'Monna Innominata' presents an expressive and psychologically powerful account of failed love. Rossetti's style is highly personal and entirely honest, presented in a logical structure; each of the stanzas could be read as a separate poem, as though she has weaved disparate ponderings into a cohesive whole. The poem is structured as though it in itself were a logical thought process. There is a psychological openness about Rossetti's style; she leads us sequentially through the experience of lost love, from the very moment of its inception, through its dissolution, and into the future.

Each of the fourteen sonnets is preceded by a short excerpt from the writings of Dante and Petrarch, both of whom immortalized their beloveds in their writing. Rossetti writes that these women have been presented as 'resplendent with charms, but scant of attractiveness'. She perhaps refers to these two male poets in order to provide contrast with her own female perspective; or it could simply be to make a connection with two poets whom she admired.


1. This poem is highly personal and autobiographical, but are there any ways in which Rossetti uses poetic conventions popular at the time in either her language or style?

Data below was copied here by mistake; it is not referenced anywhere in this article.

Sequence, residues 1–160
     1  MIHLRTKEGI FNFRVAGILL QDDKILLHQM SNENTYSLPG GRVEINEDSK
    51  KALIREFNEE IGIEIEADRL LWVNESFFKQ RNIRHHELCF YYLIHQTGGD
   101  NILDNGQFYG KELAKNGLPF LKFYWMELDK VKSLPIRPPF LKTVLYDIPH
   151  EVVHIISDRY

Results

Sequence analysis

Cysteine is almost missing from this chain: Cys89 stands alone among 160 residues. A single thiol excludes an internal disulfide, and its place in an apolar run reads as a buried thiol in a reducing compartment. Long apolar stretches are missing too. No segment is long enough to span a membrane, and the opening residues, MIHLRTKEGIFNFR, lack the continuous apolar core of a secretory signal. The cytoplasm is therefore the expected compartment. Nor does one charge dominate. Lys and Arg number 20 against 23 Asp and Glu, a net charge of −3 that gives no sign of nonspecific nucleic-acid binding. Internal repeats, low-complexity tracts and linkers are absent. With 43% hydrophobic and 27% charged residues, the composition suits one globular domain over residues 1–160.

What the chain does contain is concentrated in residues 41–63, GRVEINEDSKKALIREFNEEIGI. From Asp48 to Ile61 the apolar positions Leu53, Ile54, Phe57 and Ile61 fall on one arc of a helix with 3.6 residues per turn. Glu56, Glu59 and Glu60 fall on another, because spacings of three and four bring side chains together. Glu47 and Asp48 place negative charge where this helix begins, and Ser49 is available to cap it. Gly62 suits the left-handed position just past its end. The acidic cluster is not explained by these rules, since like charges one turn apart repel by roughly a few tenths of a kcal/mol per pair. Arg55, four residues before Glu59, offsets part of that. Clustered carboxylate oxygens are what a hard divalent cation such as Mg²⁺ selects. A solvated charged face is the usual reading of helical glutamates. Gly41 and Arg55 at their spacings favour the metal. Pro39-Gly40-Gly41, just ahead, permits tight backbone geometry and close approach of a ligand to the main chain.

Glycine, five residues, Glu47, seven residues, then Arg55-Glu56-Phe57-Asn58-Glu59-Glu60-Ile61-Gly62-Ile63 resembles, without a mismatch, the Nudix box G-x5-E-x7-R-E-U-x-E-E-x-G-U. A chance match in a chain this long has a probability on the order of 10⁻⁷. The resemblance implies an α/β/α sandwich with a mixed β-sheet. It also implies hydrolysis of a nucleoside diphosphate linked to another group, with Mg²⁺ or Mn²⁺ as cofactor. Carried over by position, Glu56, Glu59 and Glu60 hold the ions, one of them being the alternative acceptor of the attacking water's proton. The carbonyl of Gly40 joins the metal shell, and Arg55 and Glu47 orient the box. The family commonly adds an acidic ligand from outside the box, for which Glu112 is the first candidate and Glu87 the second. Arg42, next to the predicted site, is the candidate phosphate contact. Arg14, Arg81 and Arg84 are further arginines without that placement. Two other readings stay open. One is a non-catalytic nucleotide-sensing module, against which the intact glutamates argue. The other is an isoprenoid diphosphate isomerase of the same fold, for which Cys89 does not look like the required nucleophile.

2. Rossetti conveys with honesty her devotion to and obsession with her lover. She writes

For one man is my world of all the men
This wide world holds; O love, my world is you.

She also writes 'With separate "I" and "thou" free love has done/ For one is both and both are one in love'. Is her overriding view of love in this poet one of equality? Does she at any point reference the popular poetic notion of unrequited love?

3. How does Rossetti's use of rhetorical questioning in this poem contribute to its overall interpretation?

4. The notion of reconciling spiritual and earthly love is prominent in this poem; does the theme appear elsewhere is her work?

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Last modified 17 October 2006